David Rothman discusses how his Washington, D.C. suburb and in countless other places, U.S. schools are buying tablets for students, and each city could potentially be a test bed for the ideas in this commentary. We’re talking about a partial solution to a national reading divide; well-off kids actually can make gains over the summer. Regardless of family income, however, more reading is likely to help. All the more reason to increase coordination between schools and public libraries to exploit e-book-related technology to the max!

Subjects: E-Books, Features, Librarian Resources

Cell phone book club vision excites school librarian Njabulo Tazibona in Zimbabwe: How he can make it reality

A follow-up from David Rothman’s article earlier this month, Cell phone book clubs: A new way for libraries to promote literacy, technology, family and community – he shares that while U.S. librarians mull over LibraryCity’s proposal for cell phone book clubs, an African librarian already is embracing the possibilities if he can win over his stakeholders.

Subjects: Features

Cell phone book clubs: A new way for libraries to promote literacy, technology, family and community

Young people are heavy users of cell phones, but most do not know they can read library e-books for free on their phones. In this cutting-edge essay, David Rothman tells how libraries could use “cell phone book clubs” to reach out both to young cell phone users and their families, including low-income people and members of racial and ethnic minorities. The clubs would not only foster literacy, but also leverage technology and strengthen the connections between families and communities.

Subjects: E-Books, Gadgets, Internet Resources - Web Links, Internet Trends, Internet Use Policies, Legal Technology, Librarian Resources, Libraries & Librarians, Library Marketing, Social Media

National Digital Library Endowment Plan Makes New York Times of Philanthropy

David Rothman encourages Librarians and friends to think like Willie Sutton, who supposedly said he robbed banks because “That’s where the money is.” Rothman is quick to say the quote in fact is iffy, but he wants us to focus on the logic behind supporting a national digital library endowment.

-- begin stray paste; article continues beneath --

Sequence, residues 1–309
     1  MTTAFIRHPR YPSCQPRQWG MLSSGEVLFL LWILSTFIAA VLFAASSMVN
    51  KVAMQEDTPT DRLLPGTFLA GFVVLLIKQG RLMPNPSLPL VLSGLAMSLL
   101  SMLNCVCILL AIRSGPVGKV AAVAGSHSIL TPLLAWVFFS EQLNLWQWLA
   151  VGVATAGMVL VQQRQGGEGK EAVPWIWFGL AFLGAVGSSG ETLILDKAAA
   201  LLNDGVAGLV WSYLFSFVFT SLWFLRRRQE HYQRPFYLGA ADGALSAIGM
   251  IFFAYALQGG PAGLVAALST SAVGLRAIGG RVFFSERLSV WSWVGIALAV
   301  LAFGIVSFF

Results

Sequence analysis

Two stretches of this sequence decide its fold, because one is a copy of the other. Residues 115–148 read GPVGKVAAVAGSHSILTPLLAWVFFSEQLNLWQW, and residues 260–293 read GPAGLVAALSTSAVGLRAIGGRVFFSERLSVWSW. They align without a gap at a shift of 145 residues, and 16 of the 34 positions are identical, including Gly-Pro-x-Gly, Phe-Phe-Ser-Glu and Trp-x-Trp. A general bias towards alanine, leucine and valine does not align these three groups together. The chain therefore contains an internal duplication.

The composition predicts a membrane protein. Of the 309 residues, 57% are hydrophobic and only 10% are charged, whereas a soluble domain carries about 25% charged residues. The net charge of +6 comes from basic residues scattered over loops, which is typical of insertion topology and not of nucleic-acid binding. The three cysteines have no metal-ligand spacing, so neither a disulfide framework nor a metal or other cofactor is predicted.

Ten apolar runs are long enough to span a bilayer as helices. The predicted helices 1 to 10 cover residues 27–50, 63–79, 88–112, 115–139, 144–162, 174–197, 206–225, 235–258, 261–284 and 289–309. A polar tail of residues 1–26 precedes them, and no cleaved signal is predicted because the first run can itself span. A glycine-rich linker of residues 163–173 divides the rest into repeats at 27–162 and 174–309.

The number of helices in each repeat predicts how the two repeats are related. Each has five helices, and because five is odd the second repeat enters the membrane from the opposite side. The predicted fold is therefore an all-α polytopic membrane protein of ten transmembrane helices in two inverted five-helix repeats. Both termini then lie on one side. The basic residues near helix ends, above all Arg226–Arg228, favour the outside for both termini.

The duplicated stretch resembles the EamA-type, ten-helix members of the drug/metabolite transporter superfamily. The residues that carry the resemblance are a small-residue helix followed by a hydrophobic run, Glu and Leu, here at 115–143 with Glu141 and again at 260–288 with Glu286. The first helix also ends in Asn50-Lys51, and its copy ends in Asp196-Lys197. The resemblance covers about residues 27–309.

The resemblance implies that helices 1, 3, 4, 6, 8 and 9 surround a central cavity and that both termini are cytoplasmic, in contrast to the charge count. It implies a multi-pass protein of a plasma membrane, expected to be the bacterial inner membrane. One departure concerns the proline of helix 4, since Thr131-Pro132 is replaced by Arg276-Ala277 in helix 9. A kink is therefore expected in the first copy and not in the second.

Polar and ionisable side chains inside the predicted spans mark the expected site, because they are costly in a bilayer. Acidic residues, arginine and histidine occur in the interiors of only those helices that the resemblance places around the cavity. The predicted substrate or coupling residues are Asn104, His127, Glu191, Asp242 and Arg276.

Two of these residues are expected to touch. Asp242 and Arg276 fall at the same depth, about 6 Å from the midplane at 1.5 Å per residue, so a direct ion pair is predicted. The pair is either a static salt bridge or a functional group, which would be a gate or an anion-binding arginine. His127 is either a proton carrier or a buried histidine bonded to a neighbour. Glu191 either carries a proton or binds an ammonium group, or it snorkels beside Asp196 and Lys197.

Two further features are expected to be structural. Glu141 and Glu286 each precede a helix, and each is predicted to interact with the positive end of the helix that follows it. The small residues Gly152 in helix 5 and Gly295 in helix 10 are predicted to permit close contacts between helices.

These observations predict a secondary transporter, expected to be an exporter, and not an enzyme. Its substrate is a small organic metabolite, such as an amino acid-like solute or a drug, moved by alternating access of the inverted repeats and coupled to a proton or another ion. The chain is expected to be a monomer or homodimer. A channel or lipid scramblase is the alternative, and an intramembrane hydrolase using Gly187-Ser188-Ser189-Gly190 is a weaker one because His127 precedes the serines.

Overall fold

Subjects: Features, Libraries & Librarians, Library Marketing, Library Software & Technology

The sad reasons why Amazon’s #1 reading city doesn’t belong on the list

In this article David Rothman highlights the backstory on Amazon’s new list of America’s “Top 20 Most Well-Read Cities,” based on its sales of books, magazines and newspapers. As has been the case previously, the winner is Alexandria, Virginia, his hometown, which should be able to afford a book-rich public library system. This scenic Washington suburb on the Potomac River pays the city manager $245K a year. Yet the Alexandria library’s budget for books and other materials is well below the national average despite the needs of the city’s many African-Americans, Hispanics and and low-income people. Around half of Alexandria’s students qualify for free school lunches. Simply put, we’re talking about two different realities–Amazon’s and the actual Alexandria’s.

Subjects: E-Books, Features, Librarian Resources

Gates Global Libraries Program is Winding Down: Time for a National Digital library Endowment to Fill the Vacuum

David Rothman informs us that out of several billion a year in grants from the Bill and Melinda Gates Foundation, just tens of millions go for public libraries in the U.S. and overseas. But as all funding is critical, the news that the foundation is phasing out the Global Libraries program over the next three-five years brings libraries full circle, in search of new mentors and significant financial support.

Subjects: Libraries & Librarians, Library Marketing, Virtual Library